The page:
I bought two new shinai during my recent trip to Tokyo. Those of you, who are used to buying shinai in bogu shops in Japan, know that you typically choose the naked bamboo take and then ask for the fittings to be put on (shikunde). As well as being asked about the quality of the tsukagawa (gin or toko), most bogu shops will enquire about the required length 38 or 39 (san ku or san pachi).
Whilst conventional wisdom states that 39 is the standard length for shinai used by adult males, many Japanese kendoka prefer 38 because it allows a more natural grip. Having had this ingrained in me by my sempai and sensei during my time in Japan, I have always gone for the 38 option.
Most of you also know that the way to measure the correct position of your shinai grip is to place the butt of the shinai in the crook of your right arm and extend your hand to a natural position along the shinai. The position of the forefinger of your loosely closed hand should touch or be just below the tsuba.
Rather than make my usual request for a 38 tsukagawa I took the time to measure the grip position and realised that I needed a 39 for both shinai. What I had not taken into accounts is whilst I am no taller than most of my Japanese contemporaries, my arms are positively ape-like by comparison. When I lived in Japan, I had to have long-sleeve shirts either made to measure or imported. It can be argued that once the tsukagawa stretches, a 39 can become too long, but to be frank, I invariably break the shinai before it gets to that stage.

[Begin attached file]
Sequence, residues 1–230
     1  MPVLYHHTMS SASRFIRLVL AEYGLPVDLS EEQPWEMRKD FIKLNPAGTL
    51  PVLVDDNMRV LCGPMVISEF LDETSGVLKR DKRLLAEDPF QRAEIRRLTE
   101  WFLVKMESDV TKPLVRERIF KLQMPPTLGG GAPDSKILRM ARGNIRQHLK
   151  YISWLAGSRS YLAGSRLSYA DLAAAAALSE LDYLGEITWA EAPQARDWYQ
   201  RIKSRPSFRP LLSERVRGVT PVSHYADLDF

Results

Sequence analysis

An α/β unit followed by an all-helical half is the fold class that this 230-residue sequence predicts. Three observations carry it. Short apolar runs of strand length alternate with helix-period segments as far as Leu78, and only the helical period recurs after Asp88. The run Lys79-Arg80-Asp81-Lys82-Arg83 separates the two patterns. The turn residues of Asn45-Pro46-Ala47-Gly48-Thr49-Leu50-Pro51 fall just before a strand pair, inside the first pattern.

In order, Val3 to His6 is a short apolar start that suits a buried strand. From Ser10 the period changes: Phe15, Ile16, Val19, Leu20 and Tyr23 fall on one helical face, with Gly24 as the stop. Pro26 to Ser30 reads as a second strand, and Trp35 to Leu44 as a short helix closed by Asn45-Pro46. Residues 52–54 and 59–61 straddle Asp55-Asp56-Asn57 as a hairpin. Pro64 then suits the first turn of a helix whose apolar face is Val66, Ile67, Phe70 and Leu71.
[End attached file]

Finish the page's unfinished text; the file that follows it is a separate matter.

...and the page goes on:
I also bought some new men himo and asked for short ones, meaning the 7 shaku variety as opposed to 8 shaku kansai himo. To my surprise the lady behind the counter produced some 6 shaku himo. This was a revelation! Normal bottom tying 7 shaku himo are just a bit longer than the required maximum 40cm of descending loops and ends demanded by ZNKR shiai regulations. Although very few people bother, you actually need to cut and re-tie their ends. 6 shaku himo come within the regulation length and eventually stretch to a perfect 30cm drop.
I felt that overall this was a pretty successful shopping trip, until got to the BA check-in at Narita Airport. I felt lucky so as per the recent post on shipping shinai, took my brightly coloured shinai bag to the desk and asked nonchalantly if it was OK to take as hand luggage. After the agent checked with her supervisor’s supervisor, I was told no and asked for an excess baggage charge of 14,300 Yen. Just 1000 Yen more than it cost to buy the shinai in the first place. The good news however was that I got to include my Y200 convenience store umbrella for free.